Macklin / The disgrace of our foreign object, Tasmania

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MY crusade to bring our natural and man-made place names out of the vile colonial shadows into the sunlight of modern Australia has struck a foreign object. We call it Tasmania.

Robert Macklin
Robert Macklin.

Actually, it was the first time my wife and I had been there together though we’d each made flying visits in our youth; and in neither case had it made much of an impression. Not so this time.

After 10 days I was more than happy to cut the ties and let it float all the way back to Britain where they’d all much prefer to be anyway. They only pretend to be Australian so they can keep the GST money flowing in lest they sink beneath the fiscal waves never to be seen again.

Unfair? Well, maybe. But consider this. They simply refuse to recognise their appalling history. And worse, they turn it on its head.

When the Brits arrived in 1803 the Aboriginal people numbered about 7000 comprising nine “nations”. By the 1820s Governor George Arthur ruled the island with a gospel in one hand and a gun in the other. And since the Aboriginal people declined the one he gave free rein to the other.

In 1828, he declared martial law and for three years his soldiers had carte blanche to shoot them on sight. He organised a “Black Line” comprising every able-bodied colonist to sweep across the island, mustering them into the Tasman Peninsula and killing the runaways. After seven weeks the attempt was abandoned, but by 1832 only 300 Aboriginal people remained alive. They were transported to Flinders Island in Bass Strait and by 1874 the genocide was practically complete.

The place is dotted with massacre sites, but the visitor would search in vain for any memorial or admission of fault.

The treatment of the convicts reflected the same hateful attitudes of race and class. Arthur demanded that it be a “place of terror” and the sadism it spawned was equalled only by the horrors of Norfolk Island and Macquarie Harbour on the island’s west coast. Yet Port Arthur today is all manicured lawns and phony “ghost tours”. It’s like a shrine to the oppressors. And the latest renovations are designed to house wedding receptions!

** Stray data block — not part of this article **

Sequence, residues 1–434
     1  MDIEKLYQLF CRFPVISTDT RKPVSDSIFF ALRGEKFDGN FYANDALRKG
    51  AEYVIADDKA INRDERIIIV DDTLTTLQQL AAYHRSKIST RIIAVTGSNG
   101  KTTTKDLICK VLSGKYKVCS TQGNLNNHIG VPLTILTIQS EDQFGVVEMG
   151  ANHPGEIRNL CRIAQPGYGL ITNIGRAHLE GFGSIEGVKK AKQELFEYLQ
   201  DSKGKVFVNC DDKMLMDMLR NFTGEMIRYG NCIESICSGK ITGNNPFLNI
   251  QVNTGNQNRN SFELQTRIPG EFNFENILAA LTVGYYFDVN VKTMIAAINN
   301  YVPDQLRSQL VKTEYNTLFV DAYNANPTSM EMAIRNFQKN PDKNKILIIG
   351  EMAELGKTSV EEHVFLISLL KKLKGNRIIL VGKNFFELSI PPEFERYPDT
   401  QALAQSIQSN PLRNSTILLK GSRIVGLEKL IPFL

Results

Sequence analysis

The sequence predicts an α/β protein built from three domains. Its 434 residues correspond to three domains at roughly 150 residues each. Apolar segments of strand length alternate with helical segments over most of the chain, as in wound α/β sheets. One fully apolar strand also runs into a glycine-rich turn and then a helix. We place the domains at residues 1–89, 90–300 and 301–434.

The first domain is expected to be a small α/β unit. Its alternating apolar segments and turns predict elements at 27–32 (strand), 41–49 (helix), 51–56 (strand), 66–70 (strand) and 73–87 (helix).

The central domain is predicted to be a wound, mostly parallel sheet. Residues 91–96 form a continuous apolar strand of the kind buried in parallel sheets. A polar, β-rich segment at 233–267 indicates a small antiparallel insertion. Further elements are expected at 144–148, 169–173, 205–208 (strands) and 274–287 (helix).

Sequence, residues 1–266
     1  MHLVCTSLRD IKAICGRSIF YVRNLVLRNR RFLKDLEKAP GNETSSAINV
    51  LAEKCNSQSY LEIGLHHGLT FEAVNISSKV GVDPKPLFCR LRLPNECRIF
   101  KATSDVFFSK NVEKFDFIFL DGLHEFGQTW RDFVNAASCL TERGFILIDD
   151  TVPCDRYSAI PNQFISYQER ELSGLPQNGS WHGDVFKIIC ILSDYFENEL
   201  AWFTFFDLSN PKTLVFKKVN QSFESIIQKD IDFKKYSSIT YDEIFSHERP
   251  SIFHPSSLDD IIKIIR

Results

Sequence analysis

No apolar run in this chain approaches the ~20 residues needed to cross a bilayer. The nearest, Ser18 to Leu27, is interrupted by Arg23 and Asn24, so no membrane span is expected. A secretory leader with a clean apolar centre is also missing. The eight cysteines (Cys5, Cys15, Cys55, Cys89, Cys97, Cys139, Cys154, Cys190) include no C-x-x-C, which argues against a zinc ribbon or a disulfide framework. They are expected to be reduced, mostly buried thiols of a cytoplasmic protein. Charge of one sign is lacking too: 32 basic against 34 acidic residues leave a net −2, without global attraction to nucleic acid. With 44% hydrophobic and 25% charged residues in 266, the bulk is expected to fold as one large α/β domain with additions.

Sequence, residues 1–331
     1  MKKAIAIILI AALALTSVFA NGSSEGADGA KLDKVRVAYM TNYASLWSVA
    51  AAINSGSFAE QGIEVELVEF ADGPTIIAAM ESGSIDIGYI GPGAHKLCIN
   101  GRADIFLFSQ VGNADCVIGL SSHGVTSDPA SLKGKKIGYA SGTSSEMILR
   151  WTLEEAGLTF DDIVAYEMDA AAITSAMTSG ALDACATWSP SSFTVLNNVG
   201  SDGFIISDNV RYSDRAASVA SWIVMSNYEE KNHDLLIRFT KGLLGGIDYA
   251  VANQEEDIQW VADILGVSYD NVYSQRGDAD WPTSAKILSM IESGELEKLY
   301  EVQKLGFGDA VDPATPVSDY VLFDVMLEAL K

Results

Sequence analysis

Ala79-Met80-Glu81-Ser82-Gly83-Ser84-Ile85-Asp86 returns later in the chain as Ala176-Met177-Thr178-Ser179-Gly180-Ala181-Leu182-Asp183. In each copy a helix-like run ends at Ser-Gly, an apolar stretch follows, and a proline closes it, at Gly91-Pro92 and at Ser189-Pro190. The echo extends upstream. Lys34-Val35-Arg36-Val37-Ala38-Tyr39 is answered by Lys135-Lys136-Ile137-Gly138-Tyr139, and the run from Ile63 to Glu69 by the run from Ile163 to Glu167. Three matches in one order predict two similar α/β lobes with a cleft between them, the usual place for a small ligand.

The whole thing is a damned disgrace.

Governor George Arthur.

Perhaps I shouldn’t have been surprised, but throughout the island and its tiny houses and settlements, Tasmania’s “heritage” is celebrated in the placenames. Endless memorials to Arthur, from rivers to roads to cruises to supermarkets. Same with his successors Collins and Franklin. And for the rest, it’s like a map of England with the rivers Gordon, Mersey and Cam; towns like Sheffield, Exeter, Brighton, Swansea, Stanley, Devonport, Ulverstone, Longford, Gladstone, Derby and (would you believe?) Runnymede!

Towards the end of our journey, I engaged a local ranger at a restored mansion owned by an English company that privately shot out the Aboriginal men, women and children of the area. I pointed out the single mention of the horror in a display. It said: “Some historians say that the company might well have been partly responsible for the demise of the local Aborigines.”

I said: “A bit euphemistic, don’t you think?”

He blushed. “I had to fight to get that mention,” he said. “People here are a bit sensitive about it.”

I turned away in despair.


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  1. I would encourage visitors to Tasmania to spend time at the Truganini Memorial, in Hobart, where the devastating impact of European arrival is commemorated. You may also hear locals referring to Mount Wellington by its original name kunanyi along with other places in the state that now officially have dual names. The Tasmanian Aboriginal Centre has worked hard to gain recognition of the ancient culture of the island’s First People. Tasmanian Authors including Rohan Wilson, Richard Flanagan and the great Tasmanian historian Henry Reynolds have explored the deep and devastating aspects of Tasmania’s past. As a Tasmanian currently living in Canberra I am proud of the improvement that is gradually happening in my home state and I know many Tasmanians who are committed to knowing and sharing the full story of our past. It’s a shame the author of the fine biography on Hume had such an apparently limited experience of Tasmania and Tasmanians.

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